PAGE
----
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I found the following sentence. But I couldn't understand the meaning of "come as many airlines".

JetBlue’s budget cuts come as many airlines continue to struggle financially due to a significant decline in demand for air travel.

I feel it sounds like "same as other airlines". However, no sites mentions about it. Please help me to understand this sentence.

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  • The cuts to JetBlue's budget come while many airlnes continue to struggle.
    – Peter
    Feb 15, 2021 at 6:57
  • As: during the time that: I saw him as I was coming into the building. He gets more attractive as he gets older. dictionary.cambridge.org/it/dizionario/inglese/as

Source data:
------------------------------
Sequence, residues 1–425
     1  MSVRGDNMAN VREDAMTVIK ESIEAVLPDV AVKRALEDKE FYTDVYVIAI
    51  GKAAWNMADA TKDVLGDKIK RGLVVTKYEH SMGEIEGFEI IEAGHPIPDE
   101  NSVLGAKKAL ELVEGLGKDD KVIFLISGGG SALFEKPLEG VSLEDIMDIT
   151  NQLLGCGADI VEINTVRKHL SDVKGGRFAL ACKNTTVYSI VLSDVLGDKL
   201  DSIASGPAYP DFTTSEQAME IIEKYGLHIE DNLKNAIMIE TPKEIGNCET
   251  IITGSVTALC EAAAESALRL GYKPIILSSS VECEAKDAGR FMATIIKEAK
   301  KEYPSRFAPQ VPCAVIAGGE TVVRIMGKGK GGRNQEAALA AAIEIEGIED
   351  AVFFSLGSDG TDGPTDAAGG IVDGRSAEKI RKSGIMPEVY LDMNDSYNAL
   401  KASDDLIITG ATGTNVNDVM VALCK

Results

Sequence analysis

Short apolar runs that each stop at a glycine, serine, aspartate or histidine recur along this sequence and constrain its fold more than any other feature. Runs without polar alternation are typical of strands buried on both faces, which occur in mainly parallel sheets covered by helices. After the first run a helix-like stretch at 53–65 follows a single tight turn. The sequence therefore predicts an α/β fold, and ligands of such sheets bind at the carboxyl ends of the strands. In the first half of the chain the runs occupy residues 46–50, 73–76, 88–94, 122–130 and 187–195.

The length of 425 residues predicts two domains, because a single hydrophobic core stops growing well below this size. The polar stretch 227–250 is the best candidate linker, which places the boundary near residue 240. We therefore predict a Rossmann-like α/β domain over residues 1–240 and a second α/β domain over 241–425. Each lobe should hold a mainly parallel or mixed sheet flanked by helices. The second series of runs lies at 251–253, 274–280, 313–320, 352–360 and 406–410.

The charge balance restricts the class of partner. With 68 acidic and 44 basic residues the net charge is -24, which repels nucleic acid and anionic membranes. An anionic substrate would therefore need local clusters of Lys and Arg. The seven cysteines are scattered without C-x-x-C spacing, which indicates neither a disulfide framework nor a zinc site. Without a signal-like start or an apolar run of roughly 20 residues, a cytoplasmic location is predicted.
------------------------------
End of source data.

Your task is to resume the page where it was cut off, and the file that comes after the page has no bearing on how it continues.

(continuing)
– user 66974
    Feb 15, 2021 at 7:10
  • Thank you!!!! I got it!! This "come as" is NOT an idiom!!
    – Ricardo
    Feb 15, 2021 at 7:15

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JetBlue’s budget cuts(S) come(V) as(Conjunction) many airlines(S) continue(V) to struggle financially due to a significant decline in demand for air travel.

Its structure is "S1+V1 as S2+V2". S1+V1 is a main clause and 'as S2+V2' is a subordinate clause—an adverbial clause.

'as' has many meanings but the 'as' in your example means 'while' or 'during the time that' as Peter and user66974 said.

It is used to mean two actions occur at the same time like: She kissed about me as she hugged me.

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